Baas’ whimsical contribution draws inspiration from an imaginary discovery of fossils of small beasts, with sharp teeth but no stomachs, while Italian architect Fabio Novembre looked to Leonardo da Vinci’s Vitruvian Man for ‘Toyboy’, slyly subverting it with body parts vaguely resembling sex toys.
Render of Yabu Pushelberg’s design that draws on Japanese folklore
As for Canadian design duo Yabu Pushelberg, they veered away from a literal interpretation to draw on Japanese folklore. Their designs nod to tsukumogami, household objects that are said to transform into spirits after a century of use. ‘They are sometimes described as vengeful, but also as simply mischievous. Either way, they are an ancient representation infused with the soul of a material culture,’ says Glenn Pushelberg of their three animal head-shaped vessels. ‘Maintaining a playfulness, but also a slightly sinister, mischievous undercurrent to each piece was the greatest challenge.’
The project is an important way of showing young, innovative designers the potential of working with glass artisans. But it proved equally enticing for the 96-year-old Czech glass artist René Roubíček, who shaped molten glass by hand at the furnace to create an organic form named ‘The Martian’. ‘The monster could only be like this; playful and merry, provoking solely by the surprising simplicity of its elements,’ he says.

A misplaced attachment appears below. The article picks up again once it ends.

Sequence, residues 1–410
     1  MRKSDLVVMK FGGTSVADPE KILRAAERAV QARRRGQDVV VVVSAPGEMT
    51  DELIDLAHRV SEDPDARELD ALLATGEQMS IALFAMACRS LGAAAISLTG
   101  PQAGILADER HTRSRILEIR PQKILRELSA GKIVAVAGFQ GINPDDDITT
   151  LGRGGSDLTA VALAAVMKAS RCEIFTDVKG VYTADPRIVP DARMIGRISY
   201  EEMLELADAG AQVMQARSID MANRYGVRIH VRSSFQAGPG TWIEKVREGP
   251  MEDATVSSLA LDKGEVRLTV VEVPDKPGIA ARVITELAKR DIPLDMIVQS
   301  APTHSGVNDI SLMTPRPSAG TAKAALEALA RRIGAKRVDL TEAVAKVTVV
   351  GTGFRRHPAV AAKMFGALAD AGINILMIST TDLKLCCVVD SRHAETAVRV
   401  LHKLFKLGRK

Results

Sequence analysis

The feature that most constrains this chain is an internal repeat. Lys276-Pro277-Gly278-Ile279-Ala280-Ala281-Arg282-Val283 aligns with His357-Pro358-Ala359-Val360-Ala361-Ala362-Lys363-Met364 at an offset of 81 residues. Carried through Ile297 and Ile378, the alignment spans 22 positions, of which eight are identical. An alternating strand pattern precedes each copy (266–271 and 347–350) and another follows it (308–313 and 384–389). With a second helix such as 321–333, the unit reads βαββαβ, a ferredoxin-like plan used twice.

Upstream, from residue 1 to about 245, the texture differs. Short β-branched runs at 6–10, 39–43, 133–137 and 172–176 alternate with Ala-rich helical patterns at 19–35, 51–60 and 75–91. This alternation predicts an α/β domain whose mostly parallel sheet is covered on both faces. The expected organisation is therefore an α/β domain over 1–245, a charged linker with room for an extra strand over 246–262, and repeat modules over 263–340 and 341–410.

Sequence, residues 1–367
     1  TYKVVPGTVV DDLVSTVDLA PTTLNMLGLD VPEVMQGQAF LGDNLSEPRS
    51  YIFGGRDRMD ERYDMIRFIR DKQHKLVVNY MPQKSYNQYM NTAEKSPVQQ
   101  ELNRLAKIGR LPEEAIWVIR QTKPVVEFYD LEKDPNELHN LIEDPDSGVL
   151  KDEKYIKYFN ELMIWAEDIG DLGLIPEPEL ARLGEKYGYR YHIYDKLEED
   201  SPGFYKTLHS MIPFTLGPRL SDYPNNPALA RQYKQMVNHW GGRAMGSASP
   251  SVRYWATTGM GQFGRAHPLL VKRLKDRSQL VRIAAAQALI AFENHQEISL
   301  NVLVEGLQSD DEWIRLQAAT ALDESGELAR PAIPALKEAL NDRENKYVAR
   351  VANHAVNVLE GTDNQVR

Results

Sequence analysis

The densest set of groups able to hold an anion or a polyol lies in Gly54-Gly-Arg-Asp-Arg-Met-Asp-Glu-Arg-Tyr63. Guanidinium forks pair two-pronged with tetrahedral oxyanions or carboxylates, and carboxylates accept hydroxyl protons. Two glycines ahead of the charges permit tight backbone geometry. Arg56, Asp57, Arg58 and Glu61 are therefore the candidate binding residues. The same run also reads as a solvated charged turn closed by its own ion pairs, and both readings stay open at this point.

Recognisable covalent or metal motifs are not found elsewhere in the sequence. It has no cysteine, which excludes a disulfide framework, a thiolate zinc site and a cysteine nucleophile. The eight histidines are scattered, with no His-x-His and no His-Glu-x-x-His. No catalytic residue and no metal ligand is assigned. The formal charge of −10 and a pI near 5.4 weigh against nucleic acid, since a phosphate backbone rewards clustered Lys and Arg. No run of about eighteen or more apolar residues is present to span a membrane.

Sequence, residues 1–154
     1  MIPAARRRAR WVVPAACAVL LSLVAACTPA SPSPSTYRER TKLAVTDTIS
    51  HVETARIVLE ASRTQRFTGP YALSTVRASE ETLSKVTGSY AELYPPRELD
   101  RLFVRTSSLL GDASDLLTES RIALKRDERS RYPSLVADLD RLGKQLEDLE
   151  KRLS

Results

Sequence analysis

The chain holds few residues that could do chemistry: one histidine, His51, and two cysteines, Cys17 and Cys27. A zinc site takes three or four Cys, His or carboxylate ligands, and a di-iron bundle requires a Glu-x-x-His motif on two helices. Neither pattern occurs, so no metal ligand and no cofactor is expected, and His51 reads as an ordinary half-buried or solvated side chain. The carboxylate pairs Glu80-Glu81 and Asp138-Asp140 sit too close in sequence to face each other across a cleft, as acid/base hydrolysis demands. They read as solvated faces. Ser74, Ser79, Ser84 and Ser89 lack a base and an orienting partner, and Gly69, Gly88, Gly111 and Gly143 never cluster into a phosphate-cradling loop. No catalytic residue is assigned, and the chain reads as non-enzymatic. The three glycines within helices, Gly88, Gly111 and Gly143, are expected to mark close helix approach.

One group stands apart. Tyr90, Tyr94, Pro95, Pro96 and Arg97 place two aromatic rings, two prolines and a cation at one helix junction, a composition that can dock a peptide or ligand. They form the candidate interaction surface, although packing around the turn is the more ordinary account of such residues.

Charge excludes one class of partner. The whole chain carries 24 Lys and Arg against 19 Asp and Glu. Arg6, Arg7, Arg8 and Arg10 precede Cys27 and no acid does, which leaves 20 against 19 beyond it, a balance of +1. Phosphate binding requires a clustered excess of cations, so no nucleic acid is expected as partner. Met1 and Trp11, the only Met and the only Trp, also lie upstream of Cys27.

Another venerable talent, Italian designer Alessandro Mendini, believes the time is right to think about monstrosities: ‘Designing monsters means being able to vanquish them.’ His designs are intended to appear kind and friendly. ‘I think all the objects I make are a bit like monsters: it is a kind of creature that arouses special fascination,’ he says. ‘But in my case, the monster is a good-luck charm.’ Equally amiable are the Campanas’ ‘Outer Space Monsters’, named Flix and Flex. ‘Our monsters are like aliens with a human shape inside. They are not ugly or terrifying. We see more horrible things in daily life,’ says Fernando Campana.
One of the most intriguing pieces in the collection, ‘Something Underneath’ by Japanese designer Oki Sato of Nendo, is almost invisible. It looks as if a leaf of paper or cloth were draped over a menacing shape, ‘playing with the idea of the unknown and the invisible’. Each piece called for a large single sheet of glass, its week-long cooling process meticulously controlled to reduce the risk of breakage. ‘It is such a simple idea, yet so sophisticated,’ Jakimič observes.
According to Lasvit’s art director, Maxim Velčovský, however, the true value of the exploration of monsters is that it offers a unique glimpse into the world of the designer. Velčovský’s own creation is a Lenin lookalike with a slightly larger left hand and shoe. Titled ‘Leftism’, it reflects his experience of growing up behind the Iron Curtain. ‘It’s a deformation that is not immediately obvious, but that you figure out later on,’ he explains. ‘We were influenced by the idea of building up the socialist camp, and although the idea may be good, the results can be monstrous. It really affected my life and so it has become my personal monster.’
As originally featured in the May 2018 issue of Wallpaper* (W*230)